When the Party\’s Over Film Details
Overview: 3 women and a gay man in their 20s share a house in LA. Boyfriends and a kid brother come and go.
Review: Watching “When the Party’s Over”, early on I thought I might be witnessing a great, unsung film. But after several tedious later reels the serious mistakes here, in both script revision and casting, became obvious and suitable as a learning set. The ensemble piece, most notably remembered in “The Big Chill” (and of course its template “Return of the Secaucus Seven”) is a difficult film to pull off because it lacks the obvious hook of genre films (which seem more popular than ever with new generations of film buffs) and the immediacy and topicality of a “serious” subject movie (see: earlier Oliver Stone or recent Aaron Sorkin films for example). This commendable attempt by Matthew Irmas and his writer & producer collaborators falters for important structural reasons, one of which is of my own devise and will likely elicit ridicule from you gentle readers of my critique, so I will save it for last. Fundamentally, an ensemble follows the principle of “a chain is no stronger than its weakest link”, that memorable line spoken by Richard Loo as one of the stereotyped bad guys in the WW II propaganda film “The Purple Heart”. Irmas’s casting is quite deficient in this regard: his female leads number future superstar Sandra Bullock, in the lead role the iconic Rae Dawn Chong, an all-time favorite for film buffs after “Quest for Fire”, and the very talented but failed to make the big time Elizabeth Berridge (peaked almost immediately with “Amadeus”). The guys in the lead roles all do a fine acting job but are comparative nonentities in the shadow of their women. Exception is actually the main problem: Fisher Stevens cast as free spirit Alexander Midnight, who commandeers Bullock’s attention (and that of the audience) with an outlandish, tour de force performance. He sticks out in this film the way that Crispin Glover does in all his movies (and Brad Dourif does in many of his) – seemingly a foreign element that dominates all else on view. For an ensemble this is deadly -equivalent to injecting a ham-bone like Jim Carrey into an otherwise well-cast, straightforward drama (imagine Jim showing up prominently in “A Few Good Men” and watching that stagey opus fall apart under his weight). So Act II of this movie is ruined by Stevens’ casting -his performance is worth preserving for posterity on its own in perhaps a 30-minute short subject starring him and Bullock. Act III ends up seeming trite and tedious as a result of the Fisher injection, as Irmas & company explode all the carefully established plot time bombs: inevitable Chong/Berridge conflict over their common lover-man; title-implicit breakup of the group with folks moving out of the house and on with their lives; hokey tragedy as in the death of Berridge’s Latino protégé. But the sharp dialog, interpersonal insights and excellent acting of the first few, pre-Fisher reels are impressive and could have led to something more. That brings up my final, basically unwarranted personal criticism. I have been campaigning for decades now on a continuum approach to cinema, breaking down the artificial barriers (many of them created by the archaic delivers of content known as video stores and cable channels -both soon to be quite extinct) that pigeonhole movies into types and genres. Principal of these ghetto genres is Adult Entertainment, or porn. At the time “When the Party’s Over” was made (it bears a 1991 copyright), the great porn actor/director Paul Thomas was routinely cranking out wonderful interpersonal dramas like his most famous “The Masseuse”, but they were rated XXX. Irmas’s film is fundamentally about sex, but its presentation is squeaky clean, even avoiding several Chong nude scenes in a silly, prudish manner. In an ecumenical cinema world he could have shot XXX just like P.T. did, without destroying his script or premise, and not only fleshed out Chong’s character but given the world Sandra Bullock in all her glory at an early age. In our practical world this is impossible, but the movie (plus excising Stevens’ role) could have been a terrific one minus self-censorship or any other kind of censorship.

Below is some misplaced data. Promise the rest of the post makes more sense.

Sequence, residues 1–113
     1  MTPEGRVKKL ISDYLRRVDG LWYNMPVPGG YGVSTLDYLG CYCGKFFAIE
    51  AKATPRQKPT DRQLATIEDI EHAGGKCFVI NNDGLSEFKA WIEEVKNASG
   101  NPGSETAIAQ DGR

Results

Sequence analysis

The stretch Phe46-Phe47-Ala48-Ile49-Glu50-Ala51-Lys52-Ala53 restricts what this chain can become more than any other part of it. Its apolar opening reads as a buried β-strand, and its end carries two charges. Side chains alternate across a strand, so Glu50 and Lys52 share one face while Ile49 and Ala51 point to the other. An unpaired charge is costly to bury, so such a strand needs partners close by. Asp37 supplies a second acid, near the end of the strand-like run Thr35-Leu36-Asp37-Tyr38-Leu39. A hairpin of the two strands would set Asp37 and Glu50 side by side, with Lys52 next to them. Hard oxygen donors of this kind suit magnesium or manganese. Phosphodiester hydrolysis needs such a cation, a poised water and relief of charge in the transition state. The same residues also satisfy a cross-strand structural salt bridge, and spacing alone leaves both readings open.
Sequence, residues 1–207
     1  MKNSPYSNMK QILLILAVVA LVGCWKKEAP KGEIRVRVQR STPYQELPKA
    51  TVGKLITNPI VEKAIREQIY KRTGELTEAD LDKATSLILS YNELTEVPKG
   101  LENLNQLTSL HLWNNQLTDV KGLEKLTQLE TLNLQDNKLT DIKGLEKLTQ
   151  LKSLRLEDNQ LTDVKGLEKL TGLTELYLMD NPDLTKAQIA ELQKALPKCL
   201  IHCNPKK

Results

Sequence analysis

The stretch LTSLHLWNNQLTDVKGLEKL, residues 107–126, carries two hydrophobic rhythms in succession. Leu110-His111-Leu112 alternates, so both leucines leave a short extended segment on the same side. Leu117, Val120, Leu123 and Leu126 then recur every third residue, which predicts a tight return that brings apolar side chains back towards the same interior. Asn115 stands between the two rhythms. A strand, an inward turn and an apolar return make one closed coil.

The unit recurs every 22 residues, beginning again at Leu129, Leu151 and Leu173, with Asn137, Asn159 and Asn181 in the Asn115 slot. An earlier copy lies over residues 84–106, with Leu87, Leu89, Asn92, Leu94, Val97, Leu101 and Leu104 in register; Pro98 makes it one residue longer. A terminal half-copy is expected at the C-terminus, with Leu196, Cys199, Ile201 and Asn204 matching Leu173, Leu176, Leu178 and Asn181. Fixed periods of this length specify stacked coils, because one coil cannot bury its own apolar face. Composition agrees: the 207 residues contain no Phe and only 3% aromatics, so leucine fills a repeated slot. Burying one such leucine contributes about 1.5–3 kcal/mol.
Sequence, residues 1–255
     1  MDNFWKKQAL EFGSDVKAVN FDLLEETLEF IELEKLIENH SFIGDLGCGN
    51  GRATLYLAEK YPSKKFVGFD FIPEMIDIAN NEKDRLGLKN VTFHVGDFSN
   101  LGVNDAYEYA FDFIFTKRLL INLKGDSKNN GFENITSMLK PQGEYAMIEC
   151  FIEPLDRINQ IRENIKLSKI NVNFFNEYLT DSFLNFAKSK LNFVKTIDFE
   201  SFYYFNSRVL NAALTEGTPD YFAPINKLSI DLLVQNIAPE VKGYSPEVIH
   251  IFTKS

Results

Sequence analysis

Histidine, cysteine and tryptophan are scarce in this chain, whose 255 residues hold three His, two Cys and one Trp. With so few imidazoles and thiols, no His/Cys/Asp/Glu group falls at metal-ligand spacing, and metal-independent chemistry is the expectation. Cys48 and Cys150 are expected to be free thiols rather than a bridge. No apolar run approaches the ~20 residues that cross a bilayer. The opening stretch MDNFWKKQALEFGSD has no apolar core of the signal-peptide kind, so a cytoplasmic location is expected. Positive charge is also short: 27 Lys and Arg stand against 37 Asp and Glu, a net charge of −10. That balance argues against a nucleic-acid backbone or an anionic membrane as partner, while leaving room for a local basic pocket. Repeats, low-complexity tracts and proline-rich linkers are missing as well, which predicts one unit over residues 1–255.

Country: United States
Duration: 114 min
Genre: Comedy, Drama
Also known as: When the Party’s Over,Bûvöletben,Me & the Mob,Distractia s-a terminat,Amikor a partinak vége,Вечеринка в Беверли Хиллз,Kad je zabava gotova,Party di capodanno,Die Clique von Beverly Hills,Kiedy kończy się zabawa,Quando a Festa Acaba,…E a Festa Acabou,Relaciones cruzadas